The time is upon us. It is a new year. Time to start making those resolutions. But, the real challenge is not making the resolution. It is not coming up with a plan to achieve that resolution, but rather it is keeping it. It is sticking to your word, obeying your subconscious mind. Statistics show that only 9.2 percent of people will ever achieve their New Year’s resolutions. Less than 10 percent of us stick to our word and break free of bad habits.
So, what do we do to keep them? How do we change this mindset that leads to failure?
The real problem is not that we are setting a goal for ourselves. I see people achieve personal goals all the time. It is not that we can’t do it. I know that we can. It is about how we see a New Year’s resolution versus a personal goal. Rather than tying a goal to the New Year, simply set a goal. Don’t give yourself a time frame.
Our brains’ seem to be attached to that phrase “New Year” and after a week or two into the month, that goal doesn’t seem to matter as much. After all, it is not the “new year” anymore so why does a resolution matter? That goal starts to dwindle and the new becomes old.
Instead, make a change. Make a change in your life for the better. Whatever it is you need. Set out to achieve the things that will help you to live your best life. Break free from old habits. Learn to love yourself a little better. Set aside time for you. But drop the phrase “New Year” resolution and instead resolve to make a positive change for you. You can make positive changes anytime throughout your life, they don’t have to start or end with a change in the calendar.
What changes are you making this year?
Statistic Source: https://www.entrepreneur.com/article/306400
Someone once told me they didn’t want to go after their dream because they were afraid of a self-imposed expectation. They didn’t want to create the assumption that they should be making a change. They didn’t want to face that kind of intense pressure from themselves or others.
What this person really wants is a life aligned with personal value. It is not an expectation. There is a difference between personal value and expectation. An expectation is metric, it is performance driven, whereas personal value is what is important to us. Personal values are the things near and dear to our hearts.
They are part of who we are. For example, say you knew someone battling with breast cancer and breast cancer awareness has become an important issue for you. It has become part of your personal values. You can participate in a breast cancer fundraiser, and even set a goal to raise a certain amount. You don’t need to set this as an expectation and kick yourself if you don’t meet the goal. You are not expected to cure breast cancer. You value the cause. It is an important and deeply personal part of your life.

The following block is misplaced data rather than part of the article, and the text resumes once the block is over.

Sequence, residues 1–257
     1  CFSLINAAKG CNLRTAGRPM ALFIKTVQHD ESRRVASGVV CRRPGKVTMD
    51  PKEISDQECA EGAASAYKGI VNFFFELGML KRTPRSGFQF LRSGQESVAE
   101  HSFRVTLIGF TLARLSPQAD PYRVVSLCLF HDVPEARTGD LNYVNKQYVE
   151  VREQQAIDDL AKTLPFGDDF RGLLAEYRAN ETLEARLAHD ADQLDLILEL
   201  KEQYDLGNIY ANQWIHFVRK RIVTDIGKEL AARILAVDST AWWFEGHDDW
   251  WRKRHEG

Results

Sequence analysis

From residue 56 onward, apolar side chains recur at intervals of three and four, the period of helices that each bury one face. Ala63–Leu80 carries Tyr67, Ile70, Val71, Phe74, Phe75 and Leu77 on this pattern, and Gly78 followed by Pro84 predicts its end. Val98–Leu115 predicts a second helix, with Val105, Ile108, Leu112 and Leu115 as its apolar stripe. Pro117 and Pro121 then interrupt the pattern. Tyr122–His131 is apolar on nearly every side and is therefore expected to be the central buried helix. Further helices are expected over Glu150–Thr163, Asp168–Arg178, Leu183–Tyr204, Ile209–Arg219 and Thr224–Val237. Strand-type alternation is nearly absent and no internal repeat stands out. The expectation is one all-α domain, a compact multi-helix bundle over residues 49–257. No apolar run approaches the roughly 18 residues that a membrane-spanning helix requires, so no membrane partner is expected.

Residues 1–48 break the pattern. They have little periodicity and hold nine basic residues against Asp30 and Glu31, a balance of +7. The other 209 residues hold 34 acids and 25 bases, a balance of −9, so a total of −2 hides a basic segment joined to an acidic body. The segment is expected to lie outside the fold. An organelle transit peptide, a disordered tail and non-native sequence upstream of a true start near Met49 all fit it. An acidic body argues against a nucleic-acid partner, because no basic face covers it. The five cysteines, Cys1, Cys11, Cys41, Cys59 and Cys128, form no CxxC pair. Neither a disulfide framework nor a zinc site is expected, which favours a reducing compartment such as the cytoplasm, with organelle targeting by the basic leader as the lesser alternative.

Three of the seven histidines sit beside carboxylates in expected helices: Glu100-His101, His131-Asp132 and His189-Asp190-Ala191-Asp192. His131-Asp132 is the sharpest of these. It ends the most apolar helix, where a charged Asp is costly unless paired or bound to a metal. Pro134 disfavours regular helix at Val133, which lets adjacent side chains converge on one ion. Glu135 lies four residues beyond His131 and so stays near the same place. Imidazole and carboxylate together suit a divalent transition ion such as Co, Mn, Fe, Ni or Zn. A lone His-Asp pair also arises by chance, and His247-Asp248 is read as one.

Everyone has a personal value and aligning your life with that value helps you to feel “alive” and to motivate you to do certain things. Maybe your personal value is physical fitness. You value your health and well being so you decide to walk to the store, you are not setting the expectation that you will run a marathon.
What are some of your personal values?
We get asked by our college professors, potential and current employers, our parents, our mentors—what is your five-year plan? You are encouraged to write it down. Put it on paper. Stick to it. The reality is, you need to learn to let go of that plan.
Don’t get me wrong, it is important to have goals, plans, and dreams you want to accomplish. You can choose to write up an outline of sorts but don’t get too attached.
We change. Life changes. Things happen that we don’t expect. That is the beauty in uncertainty. You never truly know where the road will take you. Events that happen to us shape us as people. Things we learn over time change our way of thinking. Our experiences create deep roots inside our souls, and the people we thought we would become no longer seems as fitting.
We fall in love, we have children, we move for careers, maybe you end up in a place you didn’t originally plan. The course changes. There is no need to be a perfectionist about the plan. It is ok to deviate, to take another road. We can get so stressed, so exhausted trying to keep things lined up with the plan. But what is the real purpose of that plan?
You made it to keep yourself focused. To help achieve success and happiness. If those things come a different way than expected, that is ok. I say it all the time, you have the key to happiness inside of you. By letting yourself get so attached and worked up over the plan, you are denying yourself the happiness to enjoy where you are and how far you have come and where you might go if you embrace change.
Change is good. It is growth. It is learning. It is having an open mind. It is going with the flow.
How has your five-year plan changed over time?